In response to the State’s failure to consistently fund its pension systems, delegates to Illinois’ Sixth Constitutional Convention adopted the pension protection clause of the 1970 Illinois Constitution, which constitutionally protects the state employee pension benefits.  In 2012, during a period of serious financial hardship, the General Assembly passed legislation eliminating the state’s requirement to pay health insurance subsidies to members of a state retirement system.  Members of the retirement systems challenged the constitutionality of the Act, and in Kanerva v. Weems, the Illinois Supreme Court held that health insurance subsidies are “benefits” under the pension protection clause, and therefore protected under the clause, thus preserving retirees’ right to healthcare benefits.  This Note argues the court’s broad interpretation of the pension protection clause properly covered all benefits arising from membership in a state pension system.  It examines the Illinois Supreme Court’s interpretation of the pension protection clause of the Illinois Constitution in Kanerva v. Weems, and argues the majority was correct to hold that health insurance subsidies are benefits under the pension protection clause.  The Note analyzes the history of pension rights in Illinois and other jurisdictions and discusses the Court’s holding in Kanerva.  Finally, the Note explains why the holding also covers cost of living allowances, but would not extend to the retiree income tax exemption, and concludes that the ruling in Kanerva protects members of any State of Illinois pension system from the diminishment of any benefit received as a member of a pension system.

 

Old Mr. Kroupa Had a Farm, EIEIO: Establishing a Liberty Interest in 4-H Participation in Kroupa v. Nielsen, 731 F.3d 813 (8th Cir. 2013) 

Steven A. Rodgers .....................................................................................369

In Kroupa v. Nielsen, the Eighth Circuit Court of Appeals decided whether participation in the 4-H organization, and its competitions, was a sufficient right or status under state law to be protected by the Due Process Clause.  This Note argues that the United States Court of Appeals for the Eighth Circuit was correct in holding that 4-H participation is a sufficient right or status deserving protection under the Due Process Clause.  Whether participation in 4-H is a protected right or status under the Constitution may have a substantial effect on numerous other activities as courts struggle with the balance between giving educators, coaches, and volunteers the ability to maintain discipline, and the need protecting minors from arbitrary punishments.  The Note discusses procedural due process rights in general, as they relate to one’s reputation, and how courts have applied due process analysis to extracurricular activities.  The Note also discusses the factual background in Kroupa v. Nielsen, along with the majority and dissenting opinions.  Finally, the Note argues that the Eighth Circuit’s decision was correct because it did not depart from prior precedent, as well as identify a proper test to apply in future cases.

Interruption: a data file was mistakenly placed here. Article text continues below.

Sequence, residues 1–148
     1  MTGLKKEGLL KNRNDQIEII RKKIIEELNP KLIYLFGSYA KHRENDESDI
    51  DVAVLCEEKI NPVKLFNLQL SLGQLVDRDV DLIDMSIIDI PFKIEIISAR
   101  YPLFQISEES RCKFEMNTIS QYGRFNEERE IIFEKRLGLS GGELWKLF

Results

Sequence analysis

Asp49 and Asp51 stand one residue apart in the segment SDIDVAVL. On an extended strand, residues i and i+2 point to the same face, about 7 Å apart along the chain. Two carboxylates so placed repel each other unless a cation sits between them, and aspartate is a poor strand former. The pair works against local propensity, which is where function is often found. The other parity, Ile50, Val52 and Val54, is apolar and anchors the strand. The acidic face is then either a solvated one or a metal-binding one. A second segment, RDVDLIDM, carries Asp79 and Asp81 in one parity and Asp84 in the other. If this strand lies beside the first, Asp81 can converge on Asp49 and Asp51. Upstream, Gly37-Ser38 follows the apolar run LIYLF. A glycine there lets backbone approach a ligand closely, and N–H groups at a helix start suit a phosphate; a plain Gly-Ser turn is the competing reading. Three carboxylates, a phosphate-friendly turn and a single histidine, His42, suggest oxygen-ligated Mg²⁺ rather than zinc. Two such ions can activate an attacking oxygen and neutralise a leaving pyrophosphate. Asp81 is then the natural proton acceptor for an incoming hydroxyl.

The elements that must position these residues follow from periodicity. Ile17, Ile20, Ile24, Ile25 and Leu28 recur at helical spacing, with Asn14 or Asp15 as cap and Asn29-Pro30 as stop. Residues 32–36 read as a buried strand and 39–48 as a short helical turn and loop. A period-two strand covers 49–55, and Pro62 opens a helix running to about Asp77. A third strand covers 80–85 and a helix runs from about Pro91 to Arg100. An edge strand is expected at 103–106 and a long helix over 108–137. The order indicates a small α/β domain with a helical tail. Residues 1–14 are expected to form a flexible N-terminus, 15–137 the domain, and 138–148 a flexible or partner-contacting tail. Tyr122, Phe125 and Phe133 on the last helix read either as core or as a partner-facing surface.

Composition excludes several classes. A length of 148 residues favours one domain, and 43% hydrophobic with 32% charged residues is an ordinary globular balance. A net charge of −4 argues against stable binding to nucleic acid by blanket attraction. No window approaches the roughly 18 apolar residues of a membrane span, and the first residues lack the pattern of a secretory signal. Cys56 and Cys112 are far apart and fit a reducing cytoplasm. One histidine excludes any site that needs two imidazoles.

A Power Shift:  Evaluating Corporate Bylaws That Add Fee-Shifting Provisions After the Decision in ATP Tour Inc. v. Deutscher Tennis Bund, 91 A.3D 554 (Del. 2014)

Alixander Pishghadamian..............................................................................389

Fee-shifting provisions are controversial because they shift the costs of litigation to a non-prevailing party, contrary to the widely accepted American Rule of litigation in which parties generally pay their own attorney’s fees and costs.  In a case of first impression, the Delaware Supreme Court had to determine whether a fee-shifting provision within a non-stock corporation’s bylaws, also known as a fee-shifting bylaw, was valid and enforceable.  In ATP Tour v. Deutscher Tennis Bund, the Delaware Supreme Court held that fee-shifting bylaws are permissible under Delaware law because a corporation’s bylaws are presumed to be valid. This Note argues that the Delaware Supreme Court’s holding in ATP Tour was correct, in part because there was no adverse binding or persuasive authority opposing a corporation from adopting a fee-shifting provision within its corporate bylaws at the time of the court’s holding, and in part because fee-shifting bylaws in the state of Delaware do not fall within the American Rule of litigation, as corporate bylaws in Delaware are contractual in nature. The Note argues the Delaware Supreme Court provided a clear standard for the adoption of facially valid bylaws under proper and equitable purposes, and argues the opinion should have included dictum specifying whether the holding applies to publicly held corporations. The Note analyzes ATP Tour in three parts, discussing the lack of authority suggesting fee-shifting bylaws are invalid and enforceable, the equitable purpose standard established by the Delaware Supreme Court in ATP Tour, and the controversy caused by the Delaware Supreme Court’s decision not to specify whether the holding of ATP Tour applies to publicly held corporations.  The note concludes with the author’s closing thoughts and recommendations on ATP Tour, and looks at the future of derivative shareholder actions in the state of Delaware.